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Tuesday Aug 29, 2017

Health Care Debates Don't Have to Be Heated

"So let us begin anew -- remembering on both sides that civility is not a sign of weakness, and sincerity is always subject to proof. Let us never negotiate out of fear. But let us never fear to negotiate."

-- President John F. Kennedy, Inaugural Address, Jan. 20, 1961

A few weeks ago, I had the opportunity to debate the merits of the direct primary care (DPC) model at the AAFP's National Conference of Family Medicine Residents and Medical Students in Kansas City, Mo. My counterpart in the workshop was Ed Weisbart, M.D., a DPC skeptic and proponent of a single-payer national health plan.

[Ryan Neuhofel, D.O., with Ed Weisbart, M.D., discussing pros and cons of DPC]

Here I am debating the merits of direct primary care with Ed Weisbart, M.D., right, during the 2017 National Conference of Family Medicine Residents and Medical Students in Kansas City, Mo.

I didn't know Dr. Weisbart well when I invited him to debate DPC, but he had written about the downsides of the model last year in an article titled "Is Direct Primary Care the Solution to Our Health Care Crisis?" After reading Dr. Weisbart's criticisms, I was initially both baffled and incensed. Similar strong reactions from other DPC physicians were reflected in the comments on that article, to which Dr. Weisbart graciously responded by clarifying many of his concerns.

Having been an early adopter of the DPC model, this was not the first time I had heard these criticisms. I have tried to dispel misconceptions about DPC on this blog and in other places. However, it has become clear that many of these misunderstandings persist.

National Conference has offered students and residents workshops about DPC in recent years (including presentations I have given). Although these workshops have been educational, they didn't give attendees a great opportunity to publicly discuss the potential drawbacks of DPC. I wanted to give skeptics and critics a chance to fully air those ideas in an open and public venue. So I reached out to Dr. Weisbart to see if he would participate in such a discussion.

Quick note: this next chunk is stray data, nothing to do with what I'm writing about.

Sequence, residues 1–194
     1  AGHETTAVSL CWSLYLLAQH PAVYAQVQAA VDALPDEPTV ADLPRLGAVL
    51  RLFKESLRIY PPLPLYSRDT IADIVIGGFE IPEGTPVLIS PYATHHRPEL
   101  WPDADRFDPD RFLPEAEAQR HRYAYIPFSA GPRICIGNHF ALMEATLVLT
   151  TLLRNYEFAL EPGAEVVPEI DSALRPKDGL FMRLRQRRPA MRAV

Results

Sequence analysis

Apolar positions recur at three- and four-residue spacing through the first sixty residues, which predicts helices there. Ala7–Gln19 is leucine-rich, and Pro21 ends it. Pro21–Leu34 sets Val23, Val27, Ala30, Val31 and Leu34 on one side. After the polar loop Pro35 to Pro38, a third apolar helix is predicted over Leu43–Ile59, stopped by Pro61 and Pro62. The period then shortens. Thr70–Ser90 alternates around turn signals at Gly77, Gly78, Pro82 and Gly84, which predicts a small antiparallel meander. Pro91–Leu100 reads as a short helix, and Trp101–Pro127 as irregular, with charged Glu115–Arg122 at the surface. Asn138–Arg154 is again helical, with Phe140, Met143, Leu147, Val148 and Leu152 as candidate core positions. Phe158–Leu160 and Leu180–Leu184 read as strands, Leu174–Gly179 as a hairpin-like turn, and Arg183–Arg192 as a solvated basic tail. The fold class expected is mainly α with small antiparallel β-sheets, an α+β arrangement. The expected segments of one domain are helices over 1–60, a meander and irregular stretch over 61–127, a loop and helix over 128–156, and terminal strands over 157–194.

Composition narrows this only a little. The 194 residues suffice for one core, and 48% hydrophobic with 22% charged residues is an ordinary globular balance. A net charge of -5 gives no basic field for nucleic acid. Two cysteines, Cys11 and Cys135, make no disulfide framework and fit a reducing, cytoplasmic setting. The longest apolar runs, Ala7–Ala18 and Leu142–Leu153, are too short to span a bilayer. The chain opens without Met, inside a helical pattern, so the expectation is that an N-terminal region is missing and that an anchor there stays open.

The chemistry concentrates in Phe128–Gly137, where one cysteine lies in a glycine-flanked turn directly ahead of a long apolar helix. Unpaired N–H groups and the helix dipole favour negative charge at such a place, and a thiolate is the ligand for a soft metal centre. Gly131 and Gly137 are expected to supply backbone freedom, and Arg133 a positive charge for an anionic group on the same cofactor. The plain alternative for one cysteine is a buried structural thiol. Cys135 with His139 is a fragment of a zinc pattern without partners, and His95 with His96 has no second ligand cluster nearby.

Dr. Weisbart advocates for a national single-payer health plan. He is chair of the Missouri chapter of Physicians for a National Health Program(www.pnhp.org), and he has called for Medicare for all(www.kansascity.com). Based on these views and his harsh critique of DPC, I presumed we would be at extreme odds on nearly all matters related to health policy.

Leading up to National Conference, our nation had been fiercely debating health care bills for months. The drama and partisanship in Congress regarding health policy had reached yet another crescendo. In this context, I expected passionate audiences of residents and students for our two sessions.

We took frequent detours from our basic discussion outline to talk about the history of our health care system, comparisons of DPC to HMOs, administrative and regulatory burdens, nuances of running a DPC practice, patient protections and "cherry picking," the primary care physician shortage, promoting evidence-based and quality care, and the root causes of high health care costs, to name just a few topics.

Dr. Weisbart and I were certainly approaching the issues from different perspectives, but we agreed on many problems and sometimes on their causes. He acknowledged that DPC is a practical workaround that can improve many aspects of primary care practice, but he had major concerns about the implications if it were widely adopted. His main concerns were how to achieve universal access (especially for lower-income or medically complicated people) and ensuring standards of care.

Toward the end of both sessions, we discussed how DPC might fit within larger, systemic health reforms. Dr. Weisbart believed that if DPC truly reduces downstream health care costs, then his movement and mine might be allies. Although strange bedfellows on the surface, we both believed such a marriage of ideas could be possible if appropriately structured.

Although there were points of fierce contention about how to improve the health care system, we both tried our darndest to understand each other's perspective and shared some laughs along the way. I hope our banter compelled the next generation of family physicians to think outside of the usual boxes.

As we've all learned, changing virtually any part of the health care system is met with vehement opposition from political and business interests. Nearly every proposal, no matter how small or large, is labeled as severely harmful -- and often malicious -- by the opposing side. For decades, this political theater has mostly led to preserving a fundamentally broken system.

It has become a persistent exercise in déjà vu, and the next round is surely just around the corner.

Despite the increasingly high stakes, we must tone down our reflexive political natures. If there is any hope of creating a productive dialogue around health care reform, we must speak with, and listen to, people of different views in a civil and non-accusatory manner. We can and must find common ground before we can move forward with big ideas.

Dr. Weisbart and I proved that is possible. I hope Washington, D.C., can do better next time around.

Ryan Neuhofel, D.O., M.P.H., owns a direct primary care practice in Lawrence, Kan. You can follow him on Twitter @NeuCare(twitter.com) 

Posted at 06:05PM Aug 29, 2017 by Ryan Neuhofel

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